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Disability Lawyer > Blog > Social Security Disability > Common Reasons For SSDI Denials

Common Reasons For SSDI Denials


When you have suffered a debilitating injury or you have been diagnosed with a debilitating condition, you may have immediately moved forward with filing an application for Social Security Disability Insurance (SSDI) benefits only to be denied. If you were denied SSDI benefits, it is important to know that you are certainly not alone. Claims are denied routinely by the Social Security Administration (SSA) for a wide variety of reasons, and it may be possible to appeal successfully with assistance from a national SSDI benefits lawyer. Why are most claims denied? The following are some of the most common reasons for denial, which include both lack of eligibility for benefits and minor errors that can often be resolved quickly and effectively.

You Did Not Submit Enough Medical Evidence 

One of the most common reasons that claims are denied is that they lack enough medical evidence to support your claim that you have a disability according to the SSA’s definition. You might have submitted some medical evidence that the SSA did not think was sufficient to show that you have an eligible disability, or you might not have submitted the medical records that the SSA requires. If your claim was denied for medical reasons, including lack of sufficient medical evidence, you can request a reconsideration online for a medical determination. At this point, your claim will be reviewed anew by someone who did not review your claim initially, and you will be able to submit new evidence. Accordingly, if you do have the necessary medical evidence but did not submit it the first time around, a reconsideration may result in SSDI benefits approval.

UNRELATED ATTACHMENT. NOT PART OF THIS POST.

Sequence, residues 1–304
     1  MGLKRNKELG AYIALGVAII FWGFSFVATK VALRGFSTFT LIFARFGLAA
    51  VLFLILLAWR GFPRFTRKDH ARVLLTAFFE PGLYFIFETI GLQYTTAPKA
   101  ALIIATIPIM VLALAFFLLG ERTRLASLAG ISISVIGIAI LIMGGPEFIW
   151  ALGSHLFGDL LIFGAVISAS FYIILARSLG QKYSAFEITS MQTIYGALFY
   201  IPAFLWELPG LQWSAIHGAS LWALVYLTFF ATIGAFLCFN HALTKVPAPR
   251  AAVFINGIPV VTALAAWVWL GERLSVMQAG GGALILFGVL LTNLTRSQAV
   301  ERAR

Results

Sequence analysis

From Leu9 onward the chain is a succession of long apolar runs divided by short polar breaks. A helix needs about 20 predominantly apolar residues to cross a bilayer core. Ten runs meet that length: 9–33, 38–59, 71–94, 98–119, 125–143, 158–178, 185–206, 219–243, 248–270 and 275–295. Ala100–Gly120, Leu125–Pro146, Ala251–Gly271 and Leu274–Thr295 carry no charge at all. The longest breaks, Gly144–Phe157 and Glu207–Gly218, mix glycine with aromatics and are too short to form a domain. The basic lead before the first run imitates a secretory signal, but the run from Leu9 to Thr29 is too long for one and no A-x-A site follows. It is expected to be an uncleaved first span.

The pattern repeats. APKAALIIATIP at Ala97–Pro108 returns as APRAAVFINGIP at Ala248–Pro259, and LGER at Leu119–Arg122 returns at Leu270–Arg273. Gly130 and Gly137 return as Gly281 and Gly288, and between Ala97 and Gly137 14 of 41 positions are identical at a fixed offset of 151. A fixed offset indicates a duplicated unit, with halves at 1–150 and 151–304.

Your Application Contain an Error 

You may have simply made a mistake in submitting your original SSDI application. Depending upon whether the error concerned a medical determination or a non-medical determination, you will likely be able to request a reconsideration online with any errors resolved and any necessary additional evidence submitted.

You Can Engage in Substantial Gainful Activity 

One of the requirements for SSDI benefits is that you have a disability according to the SSA, which means that you are unable to engage in substantial gainful activity (SGA) for a year or longer. What this means is that, even though your doctor might have described your injury or illness as resulting in a “disability,” if you can engage in any kind of SGA, the SSA will have denied your claim because you will not meet its definition of a disability.

Your Disabling Condition is Likely to Resolve Within One Year 

Similar to being able to engage in substantial gainful activity, if your condition is not expected to last for at least one year or to result in your death — in other words, if your condition is likely to resolve before 12 months have passed — then you will not have met the SSA’s definition of a disability. To be clear, even if your current condition has resulted in a temporary total disability that prevents you from doing any kind of work or even caring for yourself, you will not be eligible for SSDI benefits unless the condition is expected to last for at least 12 months or to result in death.

Contact a National SSDI Benefits Attorney 

If you need assistance with your reconsideration or appeal, one of the national SSDI benefits attorneys at the Law Offices of Stephen Barszcz can assist you.



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